For trans people with HIV, visibility means better data

Today is the international Transgender Day of Visibility and I wanted to quickly share a statement I wrote for work to mark the occasion. I also had fun designing a graphic visualising the concept of ‘trans data’! Of course, it goes without saying this post is inspired and enabled by the work of Teddy Cook, a powerful advocate for better representation of trans experience in research.

Recently Australia has witnessed an organised campaign of hate towards trans folks, seeking to deny the simple reality that trans women exist. This campaign seeks to constrain the ability of trans people to participate in public life, to use the bathroom, to take part in sport, and to be heard in public debate. On this Transgender Day of Visibility, NAPWHA says: we see you, we believe you, and we are here with you.

There is little research into the HIV-related needs of trans and gender diverse (TGD) people in Australia. A landmark study in 2018 found ‘TGD people have been erased and excluded from HIV and sexual health surveillance systems in Australia. This has contributed to a lack of evidence about our sexual health, which has meant TGD people have been excluded from strategies, services, programs and campaigns. Despite this, we have continued to organise, strategise and mobilise for action.’ Today, NAPWHA calls for enhanced and ongoing efforts to ensure that TGD folks are made visible in the data sources that are a precondition for funding HIV programs and services in Australia.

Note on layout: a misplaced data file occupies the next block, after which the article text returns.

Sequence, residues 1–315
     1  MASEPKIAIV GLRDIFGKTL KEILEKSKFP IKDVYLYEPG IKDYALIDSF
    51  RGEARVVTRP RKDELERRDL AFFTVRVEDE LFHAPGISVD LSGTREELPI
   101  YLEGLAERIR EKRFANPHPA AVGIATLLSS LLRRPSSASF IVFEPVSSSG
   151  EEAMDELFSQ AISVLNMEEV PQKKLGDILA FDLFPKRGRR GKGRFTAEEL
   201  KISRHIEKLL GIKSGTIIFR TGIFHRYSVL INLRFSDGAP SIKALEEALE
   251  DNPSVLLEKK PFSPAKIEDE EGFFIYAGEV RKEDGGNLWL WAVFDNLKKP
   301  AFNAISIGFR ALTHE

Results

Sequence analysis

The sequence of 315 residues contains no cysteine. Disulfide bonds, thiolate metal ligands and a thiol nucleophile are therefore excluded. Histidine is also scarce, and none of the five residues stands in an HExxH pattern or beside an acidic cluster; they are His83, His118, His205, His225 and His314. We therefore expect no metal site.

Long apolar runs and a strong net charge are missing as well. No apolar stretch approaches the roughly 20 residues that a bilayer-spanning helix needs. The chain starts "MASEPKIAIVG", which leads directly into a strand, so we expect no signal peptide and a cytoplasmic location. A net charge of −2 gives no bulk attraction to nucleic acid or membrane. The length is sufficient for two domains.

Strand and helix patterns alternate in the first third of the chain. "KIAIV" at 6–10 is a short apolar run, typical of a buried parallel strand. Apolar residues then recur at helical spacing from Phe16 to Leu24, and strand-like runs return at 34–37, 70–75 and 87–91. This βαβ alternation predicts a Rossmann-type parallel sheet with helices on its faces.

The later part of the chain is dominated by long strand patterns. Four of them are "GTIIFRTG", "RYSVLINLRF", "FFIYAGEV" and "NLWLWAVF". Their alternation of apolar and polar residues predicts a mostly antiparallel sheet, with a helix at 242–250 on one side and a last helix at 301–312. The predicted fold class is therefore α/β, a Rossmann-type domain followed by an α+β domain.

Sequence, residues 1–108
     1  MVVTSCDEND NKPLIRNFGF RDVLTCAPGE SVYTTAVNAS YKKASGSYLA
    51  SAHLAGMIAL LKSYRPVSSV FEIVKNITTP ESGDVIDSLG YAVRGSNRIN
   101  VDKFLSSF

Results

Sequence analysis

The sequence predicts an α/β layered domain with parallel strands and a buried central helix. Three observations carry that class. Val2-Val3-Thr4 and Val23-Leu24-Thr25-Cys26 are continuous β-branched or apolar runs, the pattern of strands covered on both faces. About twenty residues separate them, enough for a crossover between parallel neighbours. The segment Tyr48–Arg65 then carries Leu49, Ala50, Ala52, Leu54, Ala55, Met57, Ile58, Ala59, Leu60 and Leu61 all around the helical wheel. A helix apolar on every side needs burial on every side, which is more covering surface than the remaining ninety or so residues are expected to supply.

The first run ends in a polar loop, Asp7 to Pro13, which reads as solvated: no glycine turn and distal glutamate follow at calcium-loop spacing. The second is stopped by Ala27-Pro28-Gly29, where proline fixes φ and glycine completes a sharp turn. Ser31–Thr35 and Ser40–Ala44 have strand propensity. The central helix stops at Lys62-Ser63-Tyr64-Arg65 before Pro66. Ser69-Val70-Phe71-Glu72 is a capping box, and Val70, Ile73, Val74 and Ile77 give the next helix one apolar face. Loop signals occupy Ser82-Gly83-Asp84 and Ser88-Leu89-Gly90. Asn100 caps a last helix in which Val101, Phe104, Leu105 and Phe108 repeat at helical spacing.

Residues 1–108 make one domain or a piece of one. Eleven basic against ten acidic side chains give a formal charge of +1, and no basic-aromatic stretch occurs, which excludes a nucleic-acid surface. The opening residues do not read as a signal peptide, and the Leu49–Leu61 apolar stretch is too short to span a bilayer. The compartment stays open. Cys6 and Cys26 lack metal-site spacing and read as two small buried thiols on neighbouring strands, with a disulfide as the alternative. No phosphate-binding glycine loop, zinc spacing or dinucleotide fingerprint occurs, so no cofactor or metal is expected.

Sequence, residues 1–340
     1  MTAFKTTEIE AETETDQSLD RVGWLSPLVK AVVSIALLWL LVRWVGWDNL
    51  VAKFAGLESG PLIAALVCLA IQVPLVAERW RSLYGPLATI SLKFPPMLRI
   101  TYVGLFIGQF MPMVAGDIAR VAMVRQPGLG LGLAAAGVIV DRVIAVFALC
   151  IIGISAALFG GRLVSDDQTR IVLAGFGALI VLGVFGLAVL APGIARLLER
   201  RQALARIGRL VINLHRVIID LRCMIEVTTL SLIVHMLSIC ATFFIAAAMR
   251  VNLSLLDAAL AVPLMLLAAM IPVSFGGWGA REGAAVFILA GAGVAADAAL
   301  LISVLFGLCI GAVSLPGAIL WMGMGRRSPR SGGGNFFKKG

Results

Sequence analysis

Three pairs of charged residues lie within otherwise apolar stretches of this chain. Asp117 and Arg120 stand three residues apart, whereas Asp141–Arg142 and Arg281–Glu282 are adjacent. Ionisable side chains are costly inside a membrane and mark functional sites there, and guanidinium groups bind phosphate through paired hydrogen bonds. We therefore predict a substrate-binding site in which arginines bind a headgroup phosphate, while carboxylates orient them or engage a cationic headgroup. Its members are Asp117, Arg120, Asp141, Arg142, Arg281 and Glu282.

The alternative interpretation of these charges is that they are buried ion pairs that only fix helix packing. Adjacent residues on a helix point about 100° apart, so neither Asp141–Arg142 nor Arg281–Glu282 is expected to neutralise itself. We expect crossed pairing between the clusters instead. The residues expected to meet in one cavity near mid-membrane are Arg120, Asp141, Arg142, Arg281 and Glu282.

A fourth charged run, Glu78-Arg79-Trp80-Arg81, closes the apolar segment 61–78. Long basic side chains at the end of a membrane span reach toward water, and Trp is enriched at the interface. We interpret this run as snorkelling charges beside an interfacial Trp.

Artwork: Daniel Reeders (2023). Please do not use without citation.

In that study, 2.6% of trans women participants reported living with HIV (Callander et al, 2018). Yet, in some Australian states, systems that capture clinical data force trans women (and nonbinary persons assigned male at birth) to be ‘recoded’ as men who have sex with men. It means we do not have an accurate picture of the trans positive community — its size, age, gender breakdown, years living with HIV, transmission routes, and most importantly for NAPWHA, the unmet health needs arising for this group.

On behalf of NAPWHA and our members, if you are a trans person living with HIV, here is an open invitation — make yourself known to us; let us get to know you and help us better understand how we can serve you. Join our call for better data and sharing of stories that give us a clearer picture of the positive trans community in all its diversity. Together we can challenge the invisibility and erasure that surround trans people with HIV.